My first batch of reload!

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After months and months of research, I finally made my first batch of reload. Mixed brass, Berry's 115 Gr. plated bullets, Winchester/CCI primer, Winchester 231 powder (4.6Gr) Now i'm addicted to reloading. I made 5 each starting with 4.3 and working way up to 4.7Gr and I shot the best with the 4.6Gr 1.140 OAL.
 
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35,791
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NY
A great way to save money! Just check, check, and spot check your powder charges, make sure you're using the right powder, etc, etc, etc. I'll start re-loading once winter sets in.
 

Bill in Utah

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UT
EXCELLENT! Went out today and shot up 200 of my 9mm, 100 of .38sp and 100 of .40S&W (all reloads) and its a great part of the hobby!! I shoot mostly lead (for even more savings and less wear on the bore) but for the warmer/hot stuff the copper comes out. Like demarpaint says check check is a great mindset. When in doubt check it out! Good job. Stay safe! Bill PS: Interesting that you load your rounds primer down in the box. Except for the rifle rounds all of mine are bullet down. shrug grin2
 
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18,168
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NH
I forget what the brand is, but at the gunstore they have some premium self defense rounds (Federal Hydrashock?) in a clear plastic box, primer down, big ole hollow point up. Helps drive the point across whats in the box.
 

Silver02ex

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824
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Originally Posted By: Bill in Utah
PS: Interesting that you load your rounds primer down in the box. Except for the rifle rounds all of mine are bullet down. shrug grin2
At first I put the bullet side, but it didn't fit well, it had a lot of room to wiggle around, maybe it's just the Cabela's box.
 
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NV
Originally Posted By: Bill in Utah
PS: Interesting that you load your rounds primer down in the box. Except for the rifle rounds all of mine are bullet down. shrug grin2
I've always done primer down. Is there a reason you do bullet down?
 
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43,676
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'Stralia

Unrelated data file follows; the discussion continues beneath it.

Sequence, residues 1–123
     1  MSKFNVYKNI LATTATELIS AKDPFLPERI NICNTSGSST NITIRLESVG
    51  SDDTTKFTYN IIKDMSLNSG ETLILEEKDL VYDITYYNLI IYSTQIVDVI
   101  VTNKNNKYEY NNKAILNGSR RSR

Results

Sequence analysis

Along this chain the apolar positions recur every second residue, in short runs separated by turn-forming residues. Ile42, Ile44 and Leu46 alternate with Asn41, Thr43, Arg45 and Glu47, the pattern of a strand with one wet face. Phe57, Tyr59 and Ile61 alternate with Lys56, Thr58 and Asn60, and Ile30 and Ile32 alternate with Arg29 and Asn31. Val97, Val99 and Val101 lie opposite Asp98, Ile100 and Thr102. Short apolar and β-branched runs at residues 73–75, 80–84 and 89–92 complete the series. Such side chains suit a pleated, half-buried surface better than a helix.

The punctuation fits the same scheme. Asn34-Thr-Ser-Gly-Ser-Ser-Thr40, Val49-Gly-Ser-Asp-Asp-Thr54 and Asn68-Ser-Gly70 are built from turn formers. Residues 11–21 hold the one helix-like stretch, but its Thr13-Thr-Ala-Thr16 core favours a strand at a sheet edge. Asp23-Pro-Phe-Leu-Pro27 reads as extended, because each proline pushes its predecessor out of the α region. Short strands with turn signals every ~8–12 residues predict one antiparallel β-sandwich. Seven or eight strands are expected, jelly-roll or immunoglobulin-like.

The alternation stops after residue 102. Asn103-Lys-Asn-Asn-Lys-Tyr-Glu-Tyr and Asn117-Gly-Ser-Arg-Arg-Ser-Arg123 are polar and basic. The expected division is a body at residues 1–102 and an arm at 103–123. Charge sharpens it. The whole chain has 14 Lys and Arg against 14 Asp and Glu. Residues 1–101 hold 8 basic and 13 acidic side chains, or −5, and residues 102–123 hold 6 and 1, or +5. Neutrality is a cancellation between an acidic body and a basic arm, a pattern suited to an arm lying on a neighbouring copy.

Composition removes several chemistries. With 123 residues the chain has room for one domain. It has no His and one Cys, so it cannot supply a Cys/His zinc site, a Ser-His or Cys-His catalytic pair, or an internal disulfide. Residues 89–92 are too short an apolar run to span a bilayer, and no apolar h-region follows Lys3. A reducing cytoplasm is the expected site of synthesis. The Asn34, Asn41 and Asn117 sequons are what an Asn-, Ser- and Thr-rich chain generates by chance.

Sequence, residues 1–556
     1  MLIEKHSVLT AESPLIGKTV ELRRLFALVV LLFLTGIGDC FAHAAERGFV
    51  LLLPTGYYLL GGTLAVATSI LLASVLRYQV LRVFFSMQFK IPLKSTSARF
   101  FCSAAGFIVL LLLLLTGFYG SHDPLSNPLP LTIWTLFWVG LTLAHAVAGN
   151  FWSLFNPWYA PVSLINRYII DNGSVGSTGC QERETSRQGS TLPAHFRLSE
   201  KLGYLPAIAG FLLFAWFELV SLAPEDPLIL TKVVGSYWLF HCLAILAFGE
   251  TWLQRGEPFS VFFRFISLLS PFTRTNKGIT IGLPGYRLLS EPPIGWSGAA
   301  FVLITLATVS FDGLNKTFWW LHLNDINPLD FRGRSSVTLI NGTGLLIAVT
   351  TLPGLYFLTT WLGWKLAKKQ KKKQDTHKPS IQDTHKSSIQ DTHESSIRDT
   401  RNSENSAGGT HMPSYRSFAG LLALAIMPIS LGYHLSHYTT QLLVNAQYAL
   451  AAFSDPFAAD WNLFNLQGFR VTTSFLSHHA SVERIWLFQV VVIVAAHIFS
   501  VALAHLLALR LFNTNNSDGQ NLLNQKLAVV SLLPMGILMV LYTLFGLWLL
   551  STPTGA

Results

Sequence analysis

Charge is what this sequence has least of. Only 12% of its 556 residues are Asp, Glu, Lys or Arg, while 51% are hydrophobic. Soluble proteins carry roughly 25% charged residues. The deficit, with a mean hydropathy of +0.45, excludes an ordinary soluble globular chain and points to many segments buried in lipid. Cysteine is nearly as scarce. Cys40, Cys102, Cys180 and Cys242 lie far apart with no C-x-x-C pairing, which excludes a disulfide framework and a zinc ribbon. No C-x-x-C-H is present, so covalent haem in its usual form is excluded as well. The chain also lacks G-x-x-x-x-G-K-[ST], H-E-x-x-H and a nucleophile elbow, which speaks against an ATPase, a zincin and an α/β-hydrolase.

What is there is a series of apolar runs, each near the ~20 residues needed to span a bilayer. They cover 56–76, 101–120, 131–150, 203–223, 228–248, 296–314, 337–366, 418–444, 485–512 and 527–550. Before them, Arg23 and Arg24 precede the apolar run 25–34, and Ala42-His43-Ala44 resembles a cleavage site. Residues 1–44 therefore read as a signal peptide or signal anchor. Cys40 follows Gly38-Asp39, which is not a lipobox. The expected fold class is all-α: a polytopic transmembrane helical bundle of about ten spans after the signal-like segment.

I do primer down, that way, at the range I can see (in my .223) whether I've got Hornady 52gr HP, 60gr V-Max, or some triels with shared Sierras, Noslers etc. About to set myself up out in the underhouse laundry when we start renovations.
 

Bill in Utah

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Originally Posted By: Mixologist
Originally Posted By: Bill in Utah
PS: Interesting that you load your rounds primer down in the box. Except for the rifle rounds all of mine are bullet down. shrug grin2
I've always done primer down. Is there a reason you do bullet down?
A few reasons. Here is a photo of .357 mag load and .40 S&W round for example; As you can see the .357 round will only load primer up. The .40 S&W load will go either way but both if you pick them up by the primer its easier to grab, easier to load into mags or cylinders (for me) and less chance of dropping them.
Originally Posted By: Shannow
I do primer down, that way, at the range I can see (in my .223) whether I've got Hornady 52gr HP, 60gr V-Max, or some triels with shared Sierras, Noslers etc.
Labels are a wonderful thing. grin2 Actually I take a sharpie and either label the box or put on some masking tape and write on the side what the load and bullets are. But in my .223 loads I do them bullet up since they are very wobbly if you load those bullet down. Just for me its easier (and in some boxes you can only) load primer up so that is why I commented. Take care, bill
 
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165
Location
Maryland, USA
congratulations on what you will find to be an enjoyable hobby. Just one thing to point out when using mixed brass. Be careful of case neck tension. The 9 mm is a short case and some dimensional variations between brands can result in some cases producing less case neck tension (and potential for possible bullet setback. If you have a good set of calipers you can test by using hand pressure and pushing the nose against a hard surface. If the bullet moves under hand pressure set those cases aside. I recall reading that seating a 9mm bullet just a couple hundredths of an inch deeper can double the pressures.
 

Silver02ex

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West Coast
Originally Posted By: Oil_Can_Harry
If you have a good set of calipers you can test by using hand pressure and pushing the nose against a hard surface. If the bullet moves under hand pressure set those cases aside. I recall reading that seating a 9mm bullet just a couple hundredths of an inch deeper can double the pressures.
I measure each round with with my digital caliper. They come out average .377-.378 crimped. I noticed that each once feels different when I put them through the Lee factory crimp die.
 
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